Democrats on the committee who took calls with Barrett were Feinstein, Durbin and Sens. Patrick Leahy (Vt.), Amy Klobuchar (Minn.), Sheldon Whitehouse (R.I.), Chris Coons (Del.) and Cory Booker (N.J.). Sens. Mazie Hirono (D-Hawaii) and Richard Blumenthal (D-Conn.) did not.
“I have refused to meet with Amy Barrett,” Blumenthal told reporters last week. “It’s a sham and an illegitimate process. ... I’m going to fight like hell. But, I think, ultimately, we need to present our case to the American people so they can stand up to our Republican colleagues.”
Sen. Kamala Harris (D-Calif.), who is a member of the committee and currently running for vice president, did not take a call with Barrett either.
“It’s becoming increasingly clear that Democrats are not doing enough to show that this is an illegitimate process with an illegitimate nominee.”
Adam Jentleson, a former top aide to former Sen. Harry Reid (D-Nev.), recently published a piece outlining all the ways Democrats could lean on Senate procedures to delay the confirmation process. He said they should have boycotted the hearing altogether to show this isn’t a normal process. Short of that, they shouldn’t have taken calls with Barrett.
“Courtesy meetings provide an upside only to the nominee and Republicans,” Jentleson said. “It legitimizes the process, and it doesn’t matter how many angry tweets you send if your actions show that you consider them to be qualified and the process to be legitimate. It was a mistake.”
Feinstein spokesman Tom Mentzer pushed back on the idea that Democrats aren’t doing enough to fight and said it’s to their advantage to participate in the hearing.
“Senators are going to make crystal clear that this isn’t business as usual and show what’s at stake and why the process is being abused by Republicans (health care, individual rights, etc.),” Mentzer said. “But simply put, there are no tools that aren’t already being used to slow or block this process. The only way to win these fights is by winning in November.”
Another Senate Democratic aide, who requested anonymity to speak freely, said it would be counterproductive for Democrats to boycott the hearing because “there’s nothing to stop Republicans from not even holding a hearing and voting three weeks earlier.”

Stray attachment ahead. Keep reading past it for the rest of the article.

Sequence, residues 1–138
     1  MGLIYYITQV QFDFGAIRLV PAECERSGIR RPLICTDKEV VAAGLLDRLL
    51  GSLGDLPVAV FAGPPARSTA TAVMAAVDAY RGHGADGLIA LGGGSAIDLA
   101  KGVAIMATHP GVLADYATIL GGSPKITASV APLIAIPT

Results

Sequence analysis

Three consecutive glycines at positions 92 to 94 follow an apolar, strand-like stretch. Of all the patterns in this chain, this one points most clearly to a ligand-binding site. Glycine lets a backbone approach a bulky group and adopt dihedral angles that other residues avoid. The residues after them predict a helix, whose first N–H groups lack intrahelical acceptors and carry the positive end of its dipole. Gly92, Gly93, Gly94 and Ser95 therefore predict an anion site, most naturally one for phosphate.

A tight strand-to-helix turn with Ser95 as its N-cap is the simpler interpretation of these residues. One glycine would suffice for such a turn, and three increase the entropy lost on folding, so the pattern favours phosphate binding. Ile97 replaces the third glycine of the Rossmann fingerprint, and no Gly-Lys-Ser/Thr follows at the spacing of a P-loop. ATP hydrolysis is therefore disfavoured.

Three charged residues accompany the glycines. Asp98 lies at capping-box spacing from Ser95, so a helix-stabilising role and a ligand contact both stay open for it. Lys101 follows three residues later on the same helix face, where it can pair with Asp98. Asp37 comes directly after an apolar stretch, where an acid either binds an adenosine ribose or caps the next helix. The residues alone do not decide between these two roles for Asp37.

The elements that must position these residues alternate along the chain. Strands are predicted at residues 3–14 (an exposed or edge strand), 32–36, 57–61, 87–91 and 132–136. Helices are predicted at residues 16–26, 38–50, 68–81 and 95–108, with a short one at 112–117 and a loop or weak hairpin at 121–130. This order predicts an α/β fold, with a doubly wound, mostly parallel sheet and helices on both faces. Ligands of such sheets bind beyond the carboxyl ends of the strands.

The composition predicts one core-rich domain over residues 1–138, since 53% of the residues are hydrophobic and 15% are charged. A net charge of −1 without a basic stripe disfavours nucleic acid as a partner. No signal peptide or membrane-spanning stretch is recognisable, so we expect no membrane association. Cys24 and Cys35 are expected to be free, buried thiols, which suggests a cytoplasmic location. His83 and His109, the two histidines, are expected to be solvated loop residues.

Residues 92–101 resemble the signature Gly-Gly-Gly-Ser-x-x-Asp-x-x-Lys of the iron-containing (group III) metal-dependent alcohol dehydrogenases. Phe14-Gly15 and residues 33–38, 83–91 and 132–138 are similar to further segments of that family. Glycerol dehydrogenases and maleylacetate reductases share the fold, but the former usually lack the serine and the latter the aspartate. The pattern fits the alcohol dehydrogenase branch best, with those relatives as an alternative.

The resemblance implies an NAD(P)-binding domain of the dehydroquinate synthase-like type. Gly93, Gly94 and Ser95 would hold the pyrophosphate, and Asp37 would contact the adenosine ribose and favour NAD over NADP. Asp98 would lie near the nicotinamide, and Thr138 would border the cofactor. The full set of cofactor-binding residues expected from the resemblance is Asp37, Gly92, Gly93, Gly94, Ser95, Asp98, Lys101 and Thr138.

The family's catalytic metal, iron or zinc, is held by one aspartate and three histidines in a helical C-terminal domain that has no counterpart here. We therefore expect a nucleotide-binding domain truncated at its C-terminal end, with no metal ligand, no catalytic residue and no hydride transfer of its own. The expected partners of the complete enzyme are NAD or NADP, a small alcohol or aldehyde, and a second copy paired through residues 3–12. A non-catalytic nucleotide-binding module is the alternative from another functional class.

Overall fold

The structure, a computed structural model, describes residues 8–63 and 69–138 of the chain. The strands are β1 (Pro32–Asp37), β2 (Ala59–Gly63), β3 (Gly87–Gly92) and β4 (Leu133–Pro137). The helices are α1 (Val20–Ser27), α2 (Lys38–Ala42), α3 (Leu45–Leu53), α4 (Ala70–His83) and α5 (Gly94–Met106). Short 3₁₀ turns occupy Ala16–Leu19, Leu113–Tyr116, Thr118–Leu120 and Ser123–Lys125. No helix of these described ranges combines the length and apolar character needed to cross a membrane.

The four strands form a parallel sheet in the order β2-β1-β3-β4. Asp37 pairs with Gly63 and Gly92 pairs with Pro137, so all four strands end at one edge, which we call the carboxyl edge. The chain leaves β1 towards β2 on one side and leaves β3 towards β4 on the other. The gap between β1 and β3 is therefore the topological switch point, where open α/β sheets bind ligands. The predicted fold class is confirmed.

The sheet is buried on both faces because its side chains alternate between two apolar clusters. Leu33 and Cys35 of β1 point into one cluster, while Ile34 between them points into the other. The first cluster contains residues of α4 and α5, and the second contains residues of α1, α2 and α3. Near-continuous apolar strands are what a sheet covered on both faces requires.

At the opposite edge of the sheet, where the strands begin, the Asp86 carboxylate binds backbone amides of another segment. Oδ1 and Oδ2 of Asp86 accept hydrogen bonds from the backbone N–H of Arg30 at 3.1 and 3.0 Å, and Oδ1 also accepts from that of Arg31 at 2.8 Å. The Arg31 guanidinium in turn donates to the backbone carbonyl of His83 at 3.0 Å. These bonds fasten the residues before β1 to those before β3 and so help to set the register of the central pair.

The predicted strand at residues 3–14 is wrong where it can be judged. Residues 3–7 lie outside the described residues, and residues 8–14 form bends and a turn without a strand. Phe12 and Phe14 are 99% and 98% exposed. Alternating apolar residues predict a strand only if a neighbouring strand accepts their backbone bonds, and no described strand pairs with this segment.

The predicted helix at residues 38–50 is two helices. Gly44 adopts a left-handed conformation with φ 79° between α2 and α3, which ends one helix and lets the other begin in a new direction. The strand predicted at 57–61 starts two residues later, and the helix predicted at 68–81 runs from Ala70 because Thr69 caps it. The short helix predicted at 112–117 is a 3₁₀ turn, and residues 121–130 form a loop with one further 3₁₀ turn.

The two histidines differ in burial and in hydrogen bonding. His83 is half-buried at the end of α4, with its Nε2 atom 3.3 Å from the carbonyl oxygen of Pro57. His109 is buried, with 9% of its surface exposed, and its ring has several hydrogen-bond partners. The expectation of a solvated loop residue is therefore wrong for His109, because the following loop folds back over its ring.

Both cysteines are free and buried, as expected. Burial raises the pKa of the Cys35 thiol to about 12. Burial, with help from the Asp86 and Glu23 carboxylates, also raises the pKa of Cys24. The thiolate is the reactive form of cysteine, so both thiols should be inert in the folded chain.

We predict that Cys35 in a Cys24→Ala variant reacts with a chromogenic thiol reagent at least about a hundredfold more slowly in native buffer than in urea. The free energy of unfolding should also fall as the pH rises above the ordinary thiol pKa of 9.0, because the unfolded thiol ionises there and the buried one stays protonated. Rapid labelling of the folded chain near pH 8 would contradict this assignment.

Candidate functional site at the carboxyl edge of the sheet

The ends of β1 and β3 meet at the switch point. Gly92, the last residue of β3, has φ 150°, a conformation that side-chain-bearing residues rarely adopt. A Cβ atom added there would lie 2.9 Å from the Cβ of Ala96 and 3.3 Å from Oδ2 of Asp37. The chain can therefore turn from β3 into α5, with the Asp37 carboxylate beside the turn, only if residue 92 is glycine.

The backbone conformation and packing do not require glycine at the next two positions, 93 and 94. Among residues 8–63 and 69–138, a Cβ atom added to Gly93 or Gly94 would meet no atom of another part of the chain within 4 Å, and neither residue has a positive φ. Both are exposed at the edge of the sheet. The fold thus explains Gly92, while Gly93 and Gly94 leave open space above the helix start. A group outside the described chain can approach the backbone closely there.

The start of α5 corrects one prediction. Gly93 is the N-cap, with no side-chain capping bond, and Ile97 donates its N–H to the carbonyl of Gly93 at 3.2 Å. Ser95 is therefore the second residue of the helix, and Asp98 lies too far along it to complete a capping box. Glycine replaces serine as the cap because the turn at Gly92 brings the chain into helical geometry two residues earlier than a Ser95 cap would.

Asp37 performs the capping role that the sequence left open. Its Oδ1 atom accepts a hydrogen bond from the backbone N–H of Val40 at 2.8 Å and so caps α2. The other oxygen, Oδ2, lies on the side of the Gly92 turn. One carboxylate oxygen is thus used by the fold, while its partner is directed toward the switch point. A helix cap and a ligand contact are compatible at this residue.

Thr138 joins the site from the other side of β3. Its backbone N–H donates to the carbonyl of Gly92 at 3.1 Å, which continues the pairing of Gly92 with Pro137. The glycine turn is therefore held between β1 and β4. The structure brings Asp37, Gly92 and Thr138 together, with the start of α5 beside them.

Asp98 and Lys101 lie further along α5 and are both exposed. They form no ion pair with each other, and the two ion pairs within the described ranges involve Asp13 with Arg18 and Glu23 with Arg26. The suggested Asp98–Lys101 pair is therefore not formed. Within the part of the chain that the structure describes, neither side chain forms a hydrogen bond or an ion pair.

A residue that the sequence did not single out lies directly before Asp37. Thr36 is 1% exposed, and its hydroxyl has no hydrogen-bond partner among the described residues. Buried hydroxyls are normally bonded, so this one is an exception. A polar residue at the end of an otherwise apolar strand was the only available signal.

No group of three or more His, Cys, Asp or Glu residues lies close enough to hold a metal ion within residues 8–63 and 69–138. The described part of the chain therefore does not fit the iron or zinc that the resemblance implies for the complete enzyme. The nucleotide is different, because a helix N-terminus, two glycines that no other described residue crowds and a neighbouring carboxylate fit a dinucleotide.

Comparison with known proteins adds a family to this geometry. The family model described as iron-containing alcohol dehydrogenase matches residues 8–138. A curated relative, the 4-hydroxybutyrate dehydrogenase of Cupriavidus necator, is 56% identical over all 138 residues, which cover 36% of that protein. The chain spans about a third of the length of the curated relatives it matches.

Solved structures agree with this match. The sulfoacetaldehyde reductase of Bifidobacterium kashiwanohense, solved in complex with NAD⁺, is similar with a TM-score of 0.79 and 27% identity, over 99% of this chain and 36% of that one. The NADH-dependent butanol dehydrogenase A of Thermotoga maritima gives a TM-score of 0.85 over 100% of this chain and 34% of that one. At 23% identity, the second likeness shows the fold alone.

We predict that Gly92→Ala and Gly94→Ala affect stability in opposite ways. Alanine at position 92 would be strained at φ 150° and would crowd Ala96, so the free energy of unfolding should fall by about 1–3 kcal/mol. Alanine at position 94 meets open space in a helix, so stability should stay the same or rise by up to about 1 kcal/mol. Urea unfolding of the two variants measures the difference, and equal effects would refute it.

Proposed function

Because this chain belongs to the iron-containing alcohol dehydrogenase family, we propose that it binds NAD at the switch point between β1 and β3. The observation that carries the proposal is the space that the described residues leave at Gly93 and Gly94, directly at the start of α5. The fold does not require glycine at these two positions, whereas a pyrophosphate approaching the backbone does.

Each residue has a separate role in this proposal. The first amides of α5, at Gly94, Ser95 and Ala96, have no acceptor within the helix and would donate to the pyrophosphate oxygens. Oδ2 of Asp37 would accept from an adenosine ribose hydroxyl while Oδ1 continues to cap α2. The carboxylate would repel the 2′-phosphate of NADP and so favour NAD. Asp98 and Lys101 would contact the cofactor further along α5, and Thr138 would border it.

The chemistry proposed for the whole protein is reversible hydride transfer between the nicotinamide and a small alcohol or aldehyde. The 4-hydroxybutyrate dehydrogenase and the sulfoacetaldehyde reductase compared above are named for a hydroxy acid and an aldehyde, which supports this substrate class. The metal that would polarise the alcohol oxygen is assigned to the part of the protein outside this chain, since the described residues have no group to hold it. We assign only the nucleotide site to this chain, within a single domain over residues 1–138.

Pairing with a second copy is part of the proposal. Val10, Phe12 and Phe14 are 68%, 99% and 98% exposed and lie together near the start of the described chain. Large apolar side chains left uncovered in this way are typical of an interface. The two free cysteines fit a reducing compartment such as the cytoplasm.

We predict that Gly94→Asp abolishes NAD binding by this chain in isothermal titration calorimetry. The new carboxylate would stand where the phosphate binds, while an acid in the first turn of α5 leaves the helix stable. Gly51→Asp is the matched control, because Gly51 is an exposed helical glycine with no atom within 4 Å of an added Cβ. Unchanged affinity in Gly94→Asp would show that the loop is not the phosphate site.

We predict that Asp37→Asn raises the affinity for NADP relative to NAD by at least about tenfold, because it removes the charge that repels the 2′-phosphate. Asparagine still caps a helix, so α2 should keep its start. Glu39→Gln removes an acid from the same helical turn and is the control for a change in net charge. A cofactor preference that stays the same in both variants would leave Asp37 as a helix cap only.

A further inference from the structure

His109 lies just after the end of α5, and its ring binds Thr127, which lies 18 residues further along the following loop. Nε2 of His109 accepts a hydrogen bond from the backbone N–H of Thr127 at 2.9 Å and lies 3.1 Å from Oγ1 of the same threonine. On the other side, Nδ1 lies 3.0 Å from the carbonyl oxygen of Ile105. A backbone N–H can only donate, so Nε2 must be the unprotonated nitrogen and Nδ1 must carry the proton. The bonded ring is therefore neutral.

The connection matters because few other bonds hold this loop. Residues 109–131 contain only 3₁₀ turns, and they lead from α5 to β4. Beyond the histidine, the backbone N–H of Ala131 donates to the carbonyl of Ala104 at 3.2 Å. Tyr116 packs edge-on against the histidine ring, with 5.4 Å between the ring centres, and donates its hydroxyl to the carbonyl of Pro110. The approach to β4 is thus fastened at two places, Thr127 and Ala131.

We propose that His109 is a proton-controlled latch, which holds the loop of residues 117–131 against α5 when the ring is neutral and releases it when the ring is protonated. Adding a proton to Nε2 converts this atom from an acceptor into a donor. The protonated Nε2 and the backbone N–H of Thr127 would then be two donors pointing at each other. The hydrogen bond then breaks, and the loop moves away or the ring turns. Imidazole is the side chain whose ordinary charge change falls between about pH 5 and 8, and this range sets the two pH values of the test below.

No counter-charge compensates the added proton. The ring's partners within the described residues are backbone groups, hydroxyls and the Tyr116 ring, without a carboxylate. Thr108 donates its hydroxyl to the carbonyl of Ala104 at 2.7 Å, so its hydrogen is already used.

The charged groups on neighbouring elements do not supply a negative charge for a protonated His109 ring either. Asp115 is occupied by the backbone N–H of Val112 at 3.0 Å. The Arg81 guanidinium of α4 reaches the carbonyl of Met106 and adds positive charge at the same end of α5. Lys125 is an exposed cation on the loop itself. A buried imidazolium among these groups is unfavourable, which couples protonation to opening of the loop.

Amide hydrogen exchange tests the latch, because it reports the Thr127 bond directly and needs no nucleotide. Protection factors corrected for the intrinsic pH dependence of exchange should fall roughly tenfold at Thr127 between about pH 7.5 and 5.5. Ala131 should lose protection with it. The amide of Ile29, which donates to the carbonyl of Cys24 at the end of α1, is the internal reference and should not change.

Democrats will almost certainly highlight in the hearing that Barrett’s confirmation is directly tied to the fate of the Affordable Care Act. The Supreme Court is set to hear a lawsuit on the constitutionality of the health care law on Nov. 10 ― one week after the election. Nearly all legal experts view the case as frivolous, but it’s still coming before the court just as Barrett would potentially get her seat.
In a Sunday news conference in New York City, Schumer called on Barrett to recuse herself from cases regarding Obamacare’s constitutionality and any possible election-related litigation. Republicans have said openly that Barrett needs to be confirmed so she can rule on cases related to the outcome of the election, worrying Democrats that she will help Trump stay in power. The judge declined to commit to recusal from election cases in her Senate questionnaire last month.
Democrats planned to deny Republicans a quorum when Barrett’s nomination is voted on in the Judiciary Committee, Schumer said, and on the Senate floor as part of a procedural last-ditch effort to slow her confirmation. Republicans can simply change the rules and advance the nomination ― as they are expected to ― but Democrats say such a move would only highlight the unprecedented nature of her appointment.
“She’s being rushed through to decide decisions that she seems to already have made up her mind on,” Schumer added. This process is “illegitimate, dangerous, and unpopular.”